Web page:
Career Options after BAMS
BAMS graduates have a multitude of career opportunities in the field of Ayurveda. They can explore various paths to build a successful career. Here are some prominent career options for BAMS graduates:
Ayurvedic Doctor: BAMS graduates can practice as Ayurvedic doctors, providing healthcare services based on Ayurvedic principles. They diagnose ailments, prescribe Ayurvedic medicines, and recommend lifestyle modifications and dietary changes for holistic healing.
Researcher: BAMS graduates can contribute to the research field by exploring new dimensions in Ayurvedic medicine. They can engage in research studies and clinical trials, aiming to develop new formulations, therapies, and treatment protocols.
Academician: BAMS graduates can opt for a career in academics. They can become professors, lecturers, or instructors in Ayurvedic colleges and universities, imparting their knowledge and expertise to aspiring students.
Government Healthcare Sector: BAMS graduates can work in various government healthcare institutions such as Ayurvedic hospitals, dispensaries, and research organizations. They can serve in government health departments, actively contributing to the promotion and implementation of Ayurvedic healthcare policies.
Private Practice: BAMS graduates can establish their private clinics and practice independently as Ayurvedic doctors. They can offer personalized consultations, treatment plans, and Ayurvedic therapies to individuals seeking alternative and holistic healthcare options.
Healthcare Administration: BAMS graduates can take up administrative roles in healthcare institutions, managing Ayurvedic hospitals, wellness centers, or Ayurvedic pharmaceutical companies. They can contribute to the efficient functioning and growth of these organizations.
Ayurvedic Pharmacist: BAMS graduates can work as Ayurvedic pharmacists, involved in the production, quality control, and distribution of Ayurvedic medicines and herbal formulations. They ensure adherence to Ayurvedic principles and guidelines in the manufacturing process.
Ayurvedic Consultant: BAMS graduates can provide consultation services, offering guidance on Ayurvedic lifestyle practices, dietary recommendations, and wellness strategies. They can specialize in areas such as Panchakarma, Ayurvedic nutrition, or Ayurvedic beauty and rejuvenation therapies.
BAMS Experience-wise Salary
Below is the table showing the salary data of BAMS-qualified candidates based on their experience level in the field:
|Level of Experience||Average Annual Salary (in INR)|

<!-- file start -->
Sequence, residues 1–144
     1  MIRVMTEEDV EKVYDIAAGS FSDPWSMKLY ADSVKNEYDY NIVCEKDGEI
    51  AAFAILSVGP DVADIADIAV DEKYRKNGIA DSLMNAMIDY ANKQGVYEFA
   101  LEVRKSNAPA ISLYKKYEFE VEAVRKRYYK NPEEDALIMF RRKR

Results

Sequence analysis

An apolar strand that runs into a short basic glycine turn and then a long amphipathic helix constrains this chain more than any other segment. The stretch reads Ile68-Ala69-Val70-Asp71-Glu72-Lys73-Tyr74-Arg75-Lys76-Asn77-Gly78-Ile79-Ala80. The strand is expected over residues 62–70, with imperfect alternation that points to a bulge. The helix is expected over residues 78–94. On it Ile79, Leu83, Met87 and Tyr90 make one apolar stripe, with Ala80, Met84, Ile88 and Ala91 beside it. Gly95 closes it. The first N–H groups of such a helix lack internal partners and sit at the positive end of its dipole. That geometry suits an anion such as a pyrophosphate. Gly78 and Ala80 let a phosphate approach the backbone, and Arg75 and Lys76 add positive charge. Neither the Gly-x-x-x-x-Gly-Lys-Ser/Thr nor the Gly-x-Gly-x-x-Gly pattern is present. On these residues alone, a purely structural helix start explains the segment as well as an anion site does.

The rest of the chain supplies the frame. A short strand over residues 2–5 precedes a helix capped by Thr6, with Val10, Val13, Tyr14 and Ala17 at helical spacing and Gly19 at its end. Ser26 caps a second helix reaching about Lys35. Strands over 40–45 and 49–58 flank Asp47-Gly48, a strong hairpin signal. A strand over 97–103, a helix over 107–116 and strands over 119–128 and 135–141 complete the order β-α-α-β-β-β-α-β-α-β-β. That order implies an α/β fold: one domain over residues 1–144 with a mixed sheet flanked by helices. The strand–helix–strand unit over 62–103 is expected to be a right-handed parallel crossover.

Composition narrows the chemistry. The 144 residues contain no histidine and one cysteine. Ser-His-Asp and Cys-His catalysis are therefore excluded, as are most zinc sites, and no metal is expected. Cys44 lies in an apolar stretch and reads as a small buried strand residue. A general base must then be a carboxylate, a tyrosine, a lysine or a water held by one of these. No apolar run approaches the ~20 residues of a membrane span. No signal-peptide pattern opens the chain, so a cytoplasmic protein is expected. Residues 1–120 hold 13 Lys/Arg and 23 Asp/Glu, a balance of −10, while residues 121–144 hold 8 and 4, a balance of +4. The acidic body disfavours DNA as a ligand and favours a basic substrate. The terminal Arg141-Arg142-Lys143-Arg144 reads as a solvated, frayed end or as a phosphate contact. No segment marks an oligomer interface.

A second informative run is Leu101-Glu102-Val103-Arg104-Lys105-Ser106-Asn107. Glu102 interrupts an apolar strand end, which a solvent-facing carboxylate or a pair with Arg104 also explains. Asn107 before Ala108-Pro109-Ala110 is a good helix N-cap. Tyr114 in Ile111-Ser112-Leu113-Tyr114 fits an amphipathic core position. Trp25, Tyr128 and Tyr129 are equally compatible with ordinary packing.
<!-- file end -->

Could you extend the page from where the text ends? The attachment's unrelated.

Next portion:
|Fresher’s Level||INR 2,00,000- 6,00,000|
|Experience Level||INR 3,00,00-9,00,000|
Frequently Asked Questions
Q1: What does BAMS stand for?
A1: BAMS stands for Bachelor of Ayurvedic Medicine and Surgery. It is an undergraduate degree program that focuses on the principles and practices of traditional Indian medicine, known as Ayurveda.
Q2: How long is the duration of the BAMS course?
A2: The BAMS course typically lasts for five and a half years, including a one-year compulsory internship. The program consists of four and a half years of classroom study and one year of practical training.
Q3: What subjects are covered in the BAMS curriculum?
A3: The BAMS curriculum covers a wide range of subjects, including Ayurvedic philosophy, anatomy, physiology, pathology, pharmacology, toxicology, gynecology, surgery, and more. It provides a comprehensive understanding of both theoretical knowledge and practical aspects of Ayurvedic medicine.
Q4: How are admissions to BAMS courses conducted?
A4: Admissions to BAMS courses are generally based on entrance examinations conducted at the national or state level. The National Eligibility cum Entrance Test (NEET) is the most common entrance exam for BAMS. Candidates are selected based on their performance in the entrance exam and subsequent counseling process.
Q5: What career opportunities are available after completing a BAMS course?
A5: BAMS graduates can pursue diverse career paths. They can work as Ayurvedic doctors, researchers, academicians, healthcare administrators, or consultants. They can establish their private clinics or join government healthcare institutions to contribute to the field of Ayurveda.
Q6: Can BAMS graduates practice allopathic medicine?
A6: No, BAMS graduates are not authorized to practice allopathic medicine. They are specifically trained in Ayurvedic principles and practices and are licensed to practice Ayurveda only. Allopathic medicine requires pursuing an MBBS degree.
Q7: Are there options for higher education after BAMS?
A7: Yes, BAMS graduates can pursue postgraduate courses such as MD (Doctor of Medicine) or MS (Master of Surgery) in various Ayurvedic specialties. They can also opt for research and academic careers by pursuing PhD programs.
Q8: Are BAMS degrees recognized internationally?
A8: BAMS degrees are recognized by the Central Council of Indian Medicine (CCIM) in India. However, international recognition may vary depending on the regulations of each country. It is advisable to research and understand the specific requirements and regulations of the respective country where one intends to practice.